For the 14th time, the St. Thomas More Knights proved kings of the castle on the Grade 8 gridiron circuit.
In a big-play kind of game, the winning points came as the clock counted down on a lengthy drive that put the ‘back’ in comeback, for a 24-22 victory over archrival Vancouver College.
“It was a pretty exhausting day,” recalled Grade 8 Knights head coach John Freire. “It was a real grudge match, like a heavyweight tilt with the teams trading blows back and forth.”
At no time did any team get much breathing room, as every score was countered during the day’s contest, until running back Matthew Custodio took the handoff on a third-and-goal with 20 seconds remaining.
It came just 3:20 after Vancouver College had reclaimed the lead on a 12-yard running play, putting all the pressure on STM.
Methodical would apply to how the Burnaby squad mounted its rally.
“We called a timeout – well, I was actually hoping to run the clock down a little more but we ended up with a timeout with 20 seconds left,” recalls Freire. “The players were never concerned if we could do it, it was more like ‘Who is going to get the ball to (score).’ “
Custodio ran to the weak side, received a huge block from teammate Michael Comuzzi, and stepped into the end zone to clinch the program’s first Quadra Cup since 2013.
All of STM’s previous majors in the game came from big plays – runs of 51, 87 and 62 yards. Custodio, who would be named the final MVP, opened the scoring on a 51-yard run. After Vancouver responded, taking an 8-6 lead late in the second quarter, receiver-turned-quarterback Malachi Hayford passed to Comuzzi for an 87-yard score. With a handful of seconds left in the half, the Fighting Irish grabbed a 14-12 advantage on a short-yard major.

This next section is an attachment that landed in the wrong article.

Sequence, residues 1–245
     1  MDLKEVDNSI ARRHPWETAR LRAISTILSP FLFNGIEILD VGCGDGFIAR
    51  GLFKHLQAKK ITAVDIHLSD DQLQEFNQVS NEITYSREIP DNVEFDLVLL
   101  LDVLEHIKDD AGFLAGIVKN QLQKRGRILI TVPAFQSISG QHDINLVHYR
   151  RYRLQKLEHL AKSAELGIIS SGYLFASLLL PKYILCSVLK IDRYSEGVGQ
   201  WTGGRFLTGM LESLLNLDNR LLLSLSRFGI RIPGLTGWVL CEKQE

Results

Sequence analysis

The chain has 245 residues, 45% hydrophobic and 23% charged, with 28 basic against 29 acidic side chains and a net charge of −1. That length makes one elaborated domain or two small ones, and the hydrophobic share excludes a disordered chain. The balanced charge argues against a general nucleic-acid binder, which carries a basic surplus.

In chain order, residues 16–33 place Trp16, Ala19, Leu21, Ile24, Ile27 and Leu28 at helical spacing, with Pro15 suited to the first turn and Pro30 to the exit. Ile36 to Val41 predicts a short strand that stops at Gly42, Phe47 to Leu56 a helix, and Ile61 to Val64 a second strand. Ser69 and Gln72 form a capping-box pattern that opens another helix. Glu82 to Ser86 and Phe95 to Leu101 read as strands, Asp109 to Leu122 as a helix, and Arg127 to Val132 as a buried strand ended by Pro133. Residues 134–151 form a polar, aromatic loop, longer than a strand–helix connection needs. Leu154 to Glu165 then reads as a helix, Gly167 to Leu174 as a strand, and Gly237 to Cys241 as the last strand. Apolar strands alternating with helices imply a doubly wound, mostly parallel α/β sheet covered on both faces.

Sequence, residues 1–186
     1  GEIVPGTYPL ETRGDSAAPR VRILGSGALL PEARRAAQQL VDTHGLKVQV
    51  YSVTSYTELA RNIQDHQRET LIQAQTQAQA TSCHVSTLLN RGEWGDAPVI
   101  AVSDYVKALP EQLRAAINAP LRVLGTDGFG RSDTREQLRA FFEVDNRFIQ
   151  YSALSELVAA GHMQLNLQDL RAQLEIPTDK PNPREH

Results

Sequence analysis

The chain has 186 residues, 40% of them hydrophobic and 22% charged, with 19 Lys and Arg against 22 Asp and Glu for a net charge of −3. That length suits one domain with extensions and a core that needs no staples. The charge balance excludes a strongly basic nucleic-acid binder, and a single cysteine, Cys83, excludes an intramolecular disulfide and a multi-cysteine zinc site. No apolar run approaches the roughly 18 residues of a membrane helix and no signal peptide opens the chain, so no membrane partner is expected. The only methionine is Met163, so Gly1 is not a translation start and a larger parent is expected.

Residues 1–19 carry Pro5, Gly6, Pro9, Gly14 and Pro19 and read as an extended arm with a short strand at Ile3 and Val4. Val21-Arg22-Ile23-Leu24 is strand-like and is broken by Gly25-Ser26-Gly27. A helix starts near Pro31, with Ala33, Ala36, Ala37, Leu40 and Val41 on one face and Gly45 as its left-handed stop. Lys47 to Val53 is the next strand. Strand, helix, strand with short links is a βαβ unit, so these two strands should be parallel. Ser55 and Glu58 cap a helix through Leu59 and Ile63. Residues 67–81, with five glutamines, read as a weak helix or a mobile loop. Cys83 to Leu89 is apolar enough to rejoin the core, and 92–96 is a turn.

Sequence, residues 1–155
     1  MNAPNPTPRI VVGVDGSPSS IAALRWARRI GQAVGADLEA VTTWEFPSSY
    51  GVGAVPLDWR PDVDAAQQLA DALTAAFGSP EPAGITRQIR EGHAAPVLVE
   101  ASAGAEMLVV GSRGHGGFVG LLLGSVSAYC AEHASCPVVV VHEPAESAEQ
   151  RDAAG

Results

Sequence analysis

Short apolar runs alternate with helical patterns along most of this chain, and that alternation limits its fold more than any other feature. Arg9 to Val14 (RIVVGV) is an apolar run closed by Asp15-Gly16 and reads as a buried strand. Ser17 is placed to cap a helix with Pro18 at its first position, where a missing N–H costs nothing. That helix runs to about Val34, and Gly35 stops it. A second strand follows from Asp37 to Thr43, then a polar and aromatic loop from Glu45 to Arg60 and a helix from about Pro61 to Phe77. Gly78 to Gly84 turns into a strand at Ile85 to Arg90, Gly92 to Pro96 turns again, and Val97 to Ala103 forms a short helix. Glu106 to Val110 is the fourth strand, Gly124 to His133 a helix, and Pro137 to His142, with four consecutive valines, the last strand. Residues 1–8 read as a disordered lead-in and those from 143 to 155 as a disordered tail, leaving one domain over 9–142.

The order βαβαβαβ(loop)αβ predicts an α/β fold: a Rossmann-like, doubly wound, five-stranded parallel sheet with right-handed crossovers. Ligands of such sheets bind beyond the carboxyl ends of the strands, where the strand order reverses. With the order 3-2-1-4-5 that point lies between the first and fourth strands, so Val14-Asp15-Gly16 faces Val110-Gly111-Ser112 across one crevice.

Hayford and Comuzzi would connect again, this time for a 62-yard TD, to put the Knights back on top in the third frame. But after a series of tough defensive plays by both teams, the game appeared to turn on VC’s drive with 3:40 to play.
Cue the comeback.
In a season where the Knights went a perfect 7-0, including two playoff games, there were a handful of games that came down to the final minute, the coach noted.
“We had several games this season where we were tied or trailing into the fourth quarter but the kids never got down or panicked. … They never got riled up or upset.”
It was the third game between the two sides this year, with the previous encounters decided in STM's favour by 44-28 and 13-7 scores.
The rivalry intensified as the season went on, and both teams was impressive, Freire said. For STM, the growth has come with a group that included all but four who had never played tackle football before.
"The rate of improvement with this group has been always incremental," said the coach. "They never plateaued. There was never a case of getting too high on ourselves, they just kept working and wanting to learn more."